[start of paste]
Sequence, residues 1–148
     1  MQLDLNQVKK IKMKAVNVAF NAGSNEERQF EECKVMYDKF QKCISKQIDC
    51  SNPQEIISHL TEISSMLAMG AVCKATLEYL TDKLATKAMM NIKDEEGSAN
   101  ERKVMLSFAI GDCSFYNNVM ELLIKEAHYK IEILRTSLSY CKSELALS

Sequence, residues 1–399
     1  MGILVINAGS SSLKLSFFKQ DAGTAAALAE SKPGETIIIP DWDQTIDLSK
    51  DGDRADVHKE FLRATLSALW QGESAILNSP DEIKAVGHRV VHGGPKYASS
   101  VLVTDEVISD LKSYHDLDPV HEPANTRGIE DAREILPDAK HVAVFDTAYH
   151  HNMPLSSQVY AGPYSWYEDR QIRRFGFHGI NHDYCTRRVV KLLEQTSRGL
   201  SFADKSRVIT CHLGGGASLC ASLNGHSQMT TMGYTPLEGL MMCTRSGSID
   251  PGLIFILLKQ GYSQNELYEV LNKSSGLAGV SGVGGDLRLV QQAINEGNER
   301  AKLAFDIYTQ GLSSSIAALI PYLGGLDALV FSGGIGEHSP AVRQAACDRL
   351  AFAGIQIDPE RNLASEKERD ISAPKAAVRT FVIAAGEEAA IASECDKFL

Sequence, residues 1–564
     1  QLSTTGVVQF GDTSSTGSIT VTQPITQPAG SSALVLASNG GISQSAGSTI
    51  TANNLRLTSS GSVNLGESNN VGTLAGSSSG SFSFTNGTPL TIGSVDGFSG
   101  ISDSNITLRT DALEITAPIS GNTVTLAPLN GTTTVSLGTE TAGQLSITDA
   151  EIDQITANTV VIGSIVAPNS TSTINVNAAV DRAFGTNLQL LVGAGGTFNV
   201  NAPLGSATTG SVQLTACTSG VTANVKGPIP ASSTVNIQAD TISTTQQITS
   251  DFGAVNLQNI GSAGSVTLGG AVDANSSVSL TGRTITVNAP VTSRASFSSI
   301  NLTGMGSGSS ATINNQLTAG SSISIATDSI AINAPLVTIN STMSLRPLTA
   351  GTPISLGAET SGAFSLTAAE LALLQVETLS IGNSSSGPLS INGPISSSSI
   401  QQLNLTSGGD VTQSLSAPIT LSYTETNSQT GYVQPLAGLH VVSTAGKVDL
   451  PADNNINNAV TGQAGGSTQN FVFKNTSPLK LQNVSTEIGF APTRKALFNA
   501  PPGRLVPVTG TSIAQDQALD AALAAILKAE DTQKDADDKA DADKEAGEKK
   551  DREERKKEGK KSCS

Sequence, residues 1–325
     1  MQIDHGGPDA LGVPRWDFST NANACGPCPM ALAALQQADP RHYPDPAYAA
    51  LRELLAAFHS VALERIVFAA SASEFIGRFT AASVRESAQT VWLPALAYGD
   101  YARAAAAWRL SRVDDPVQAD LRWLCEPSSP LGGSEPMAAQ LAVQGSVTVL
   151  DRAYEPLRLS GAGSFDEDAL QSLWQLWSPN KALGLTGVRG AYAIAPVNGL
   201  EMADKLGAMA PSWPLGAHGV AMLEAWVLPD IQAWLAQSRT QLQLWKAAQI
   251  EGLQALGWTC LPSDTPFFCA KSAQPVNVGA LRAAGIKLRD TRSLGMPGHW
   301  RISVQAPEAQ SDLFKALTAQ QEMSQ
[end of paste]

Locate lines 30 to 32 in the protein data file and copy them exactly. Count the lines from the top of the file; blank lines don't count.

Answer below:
   101  YARAAAAWRL SRVDDPVQAD LRWLCEPSSP LGGSEPMAAQ LAVQGSVTVL
   151  DRAYEPLRLS GAGSFDEDAL QSLWQLWSPN KALGLTGVRG AYAIAPVNGL
   201  EMADKLGAMA PSWPLGAHGV AMLEAWVLPD IQAWLAQSRT QLQLWKAAQI